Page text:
Even though AMP Analytics are available, there are a limited amount of options available. Here’s what you’ll be able to track:

  • Page data: Domain, path, page title
  • User data: client ID, timezone
  • Browsing data: referrer, unique page view ID
  • Browser data: screen height, screen width, user agent
  • Interaction data: page height and page width
  • Event data

Setup isn’t super quick
Just because AMPs format is restrictive doesn’t mean it’s a walk in the park to implement. Developing AMP pages could take your developers significantly longer to create than a non-AMP page. They’ll then need to validate that their code ticks all of the boxes of the AMP format and also upkeep the pages to make sure they continue to comply with these restrictions.

Browser versions are limited
A smaller restriction (but one nonetheless) is that AMP only supports the most recent two versions of major web browsers. This means if your visitors are hanging onto a circa 2014 version of Chrome, they won’t see your AMP page.

What naysayers are saying

Like anything, there are two sides to the AMP story. Because of its close ties to Google, some think the company has too much control, using its power to shift the internet to a new way of developing web pages altogether. Some think it’s unfair for Google to pressure companies to adopt the framework in order to reach the top stories carousel or maintain their organic rankings. Others worry that Google could abandon AMP at any moment, after more than 1.5 billion web pages have already been published using the format.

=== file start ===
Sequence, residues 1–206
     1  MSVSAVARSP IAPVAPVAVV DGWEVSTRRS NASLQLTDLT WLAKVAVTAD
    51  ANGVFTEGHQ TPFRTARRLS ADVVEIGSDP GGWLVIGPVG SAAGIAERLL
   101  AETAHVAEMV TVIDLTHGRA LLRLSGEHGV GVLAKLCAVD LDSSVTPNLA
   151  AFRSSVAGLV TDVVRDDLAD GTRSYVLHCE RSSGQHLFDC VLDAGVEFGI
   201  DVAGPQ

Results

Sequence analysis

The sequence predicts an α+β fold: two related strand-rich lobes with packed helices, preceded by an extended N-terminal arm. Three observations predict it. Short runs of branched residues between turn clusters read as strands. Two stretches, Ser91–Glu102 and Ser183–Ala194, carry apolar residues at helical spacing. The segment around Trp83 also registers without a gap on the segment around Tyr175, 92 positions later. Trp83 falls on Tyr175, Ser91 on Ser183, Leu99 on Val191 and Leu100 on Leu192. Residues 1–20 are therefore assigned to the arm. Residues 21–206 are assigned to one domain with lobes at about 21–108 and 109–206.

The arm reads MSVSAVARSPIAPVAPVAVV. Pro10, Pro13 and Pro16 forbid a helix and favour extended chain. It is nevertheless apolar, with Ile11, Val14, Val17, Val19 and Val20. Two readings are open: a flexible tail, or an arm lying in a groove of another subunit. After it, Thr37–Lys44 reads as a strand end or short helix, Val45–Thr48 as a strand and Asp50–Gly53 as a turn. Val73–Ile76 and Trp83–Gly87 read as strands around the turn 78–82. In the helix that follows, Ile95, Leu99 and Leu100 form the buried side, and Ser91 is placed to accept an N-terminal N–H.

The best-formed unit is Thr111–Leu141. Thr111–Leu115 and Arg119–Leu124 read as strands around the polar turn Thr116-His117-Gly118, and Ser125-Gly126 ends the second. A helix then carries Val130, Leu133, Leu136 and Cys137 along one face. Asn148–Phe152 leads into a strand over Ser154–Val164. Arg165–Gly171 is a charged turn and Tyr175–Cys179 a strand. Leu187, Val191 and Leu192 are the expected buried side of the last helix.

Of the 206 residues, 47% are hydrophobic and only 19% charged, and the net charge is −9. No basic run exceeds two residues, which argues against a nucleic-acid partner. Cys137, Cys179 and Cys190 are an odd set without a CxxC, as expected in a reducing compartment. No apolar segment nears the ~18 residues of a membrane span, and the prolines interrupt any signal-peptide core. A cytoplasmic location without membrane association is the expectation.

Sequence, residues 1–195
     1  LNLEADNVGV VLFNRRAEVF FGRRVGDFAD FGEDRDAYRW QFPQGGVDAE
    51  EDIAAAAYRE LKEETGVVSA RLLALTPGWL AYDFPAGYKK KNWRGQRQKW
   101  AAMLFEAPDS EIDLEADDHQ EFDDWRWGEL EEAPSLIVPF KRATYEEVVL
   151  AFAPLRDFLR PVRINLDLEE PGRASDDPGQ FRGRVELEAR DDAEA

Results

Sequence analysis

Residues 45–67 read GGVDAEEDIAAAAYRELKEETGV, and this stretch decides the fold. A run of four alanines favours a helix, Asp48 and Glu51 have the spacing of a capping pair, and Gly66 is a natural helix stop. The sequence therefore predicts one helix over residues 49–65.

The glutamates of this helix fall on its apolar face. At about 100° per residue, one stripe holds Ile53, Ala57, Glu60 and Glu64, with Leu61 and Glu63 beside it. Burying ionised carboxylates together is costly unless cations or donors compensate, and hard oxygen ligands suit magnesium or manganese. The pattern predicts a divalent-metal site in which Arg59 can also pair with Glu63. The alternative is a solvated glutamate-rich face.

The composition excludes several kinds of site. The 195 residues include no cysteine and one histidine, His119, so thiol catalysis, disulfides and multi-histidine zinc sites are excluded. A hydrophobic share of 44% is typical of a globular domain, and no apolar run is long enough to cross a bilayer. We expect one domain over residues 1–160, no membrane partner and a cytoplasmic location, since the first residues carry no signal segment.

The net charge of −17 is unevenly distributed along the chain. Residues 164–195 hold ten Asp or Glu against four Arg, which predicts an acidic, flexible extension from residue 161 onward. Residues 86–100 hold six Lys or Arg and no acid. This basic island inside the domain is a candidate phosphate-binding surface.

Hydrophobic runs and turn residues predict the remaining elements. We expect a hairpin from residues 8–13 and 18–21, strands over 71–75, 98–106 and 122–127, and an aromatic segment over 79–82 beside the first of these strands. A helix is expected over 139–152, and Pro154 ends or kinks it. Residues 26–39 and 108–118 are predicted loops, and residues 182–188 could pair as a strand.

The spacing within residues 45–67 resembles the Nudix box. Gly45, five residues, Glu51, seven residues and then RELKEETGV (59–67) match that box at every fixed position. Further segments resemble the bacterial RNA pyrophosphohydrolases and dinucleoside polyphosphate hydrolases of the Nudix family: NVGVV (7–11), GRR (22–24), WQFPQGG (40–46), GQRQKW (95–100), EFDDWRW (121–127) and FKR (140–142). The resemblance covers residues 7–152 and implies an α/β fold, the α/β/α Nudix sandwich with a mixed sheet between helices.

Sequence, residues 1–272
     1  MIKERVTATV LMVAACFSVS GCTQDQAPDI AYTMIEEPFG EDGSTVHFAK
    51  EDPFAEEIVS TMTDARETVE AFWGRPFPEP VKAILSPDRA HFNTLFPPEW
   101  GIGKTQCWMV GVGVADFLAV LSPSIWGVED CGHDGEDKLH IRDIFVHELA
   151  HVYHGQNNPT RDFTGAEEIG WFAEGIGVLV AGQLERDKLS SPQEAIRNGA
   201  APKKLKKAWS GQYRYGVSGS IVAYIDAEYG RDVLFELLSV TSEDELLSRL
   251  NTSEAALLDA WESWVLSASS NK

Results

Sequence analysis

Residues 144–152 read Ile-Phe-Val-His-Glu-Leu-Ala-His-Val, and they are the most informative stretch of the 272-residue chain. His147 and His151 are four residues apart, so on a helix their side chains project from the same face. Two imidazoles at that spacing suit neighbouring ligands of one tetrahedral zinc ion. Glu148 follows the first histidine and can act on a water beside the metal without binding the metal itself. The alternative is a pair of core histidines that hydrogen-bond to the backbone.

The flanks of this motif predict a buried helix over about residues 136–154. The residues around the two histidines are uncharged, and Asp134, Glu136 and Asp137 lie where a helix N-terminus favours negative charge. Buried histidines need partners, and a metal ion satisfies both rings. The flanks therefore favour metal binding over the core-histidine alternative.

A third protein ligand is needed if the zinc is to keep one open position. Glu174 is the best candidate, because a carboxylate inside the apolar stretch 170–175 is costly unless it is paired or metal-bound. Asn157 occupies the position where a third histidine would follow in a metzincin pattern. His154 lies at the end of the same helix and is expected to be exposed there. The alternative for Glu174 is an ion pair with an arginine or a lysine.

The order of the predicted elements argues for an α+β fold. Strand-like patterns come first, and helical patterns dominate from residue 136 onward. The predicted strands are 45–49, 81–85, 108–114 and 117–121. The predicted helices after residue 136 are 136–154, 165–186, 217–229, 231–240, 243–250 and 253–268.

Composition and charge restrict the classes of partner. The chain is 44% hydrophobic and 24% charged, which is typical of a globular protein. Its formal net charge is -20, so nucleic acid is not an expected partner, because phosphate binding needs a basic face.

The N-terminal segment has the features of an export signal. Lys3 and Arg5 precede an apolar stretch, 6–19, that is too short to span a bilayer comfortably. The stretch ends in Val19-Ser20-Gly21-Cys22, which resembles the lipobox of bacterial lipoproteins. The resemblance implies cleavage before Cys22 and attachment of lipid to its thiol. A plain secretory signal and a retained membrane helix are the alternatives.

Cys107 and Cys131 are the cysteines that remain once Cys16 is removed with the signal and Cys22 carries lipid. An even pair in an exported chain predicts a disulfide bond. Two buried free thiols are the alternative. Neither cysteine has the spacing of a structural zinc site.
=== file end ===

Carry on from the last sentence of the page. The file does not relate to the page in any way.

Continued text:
On the other side of the argument, web users are speaking for themselves by abandoning slow pages at a faster rate. They’re also choosing Google more than any other search engine. Although there are alternatives, Google holds 90% of mobile market share. There must be a reason for this, and I’d hazard a guess that it’s because Google gives a better user experience than its alternatives.

From the AMP Project’s website:

“The companies involved in the project want to make the mobile web work better for all — not just for one platform, one set of technologies, or one set of publishers, or one set of advertisers. Making the project open source enables people to share and contribute their ideas and code for making the mobile web fast. We are just at the beginning of that journey and we look forward to other publishers, advertisers and technology companies joining along the way.”

What Unbounce is doing about AMP

This info’s all well and good, but you’re probably wondering: what’s Unbounce—best known as a conversion and landing page platform—going to do about AMP?

I’m glad you asked.

We’re happy to share that we’re currently building AMP capabilities into the Unbounce builder.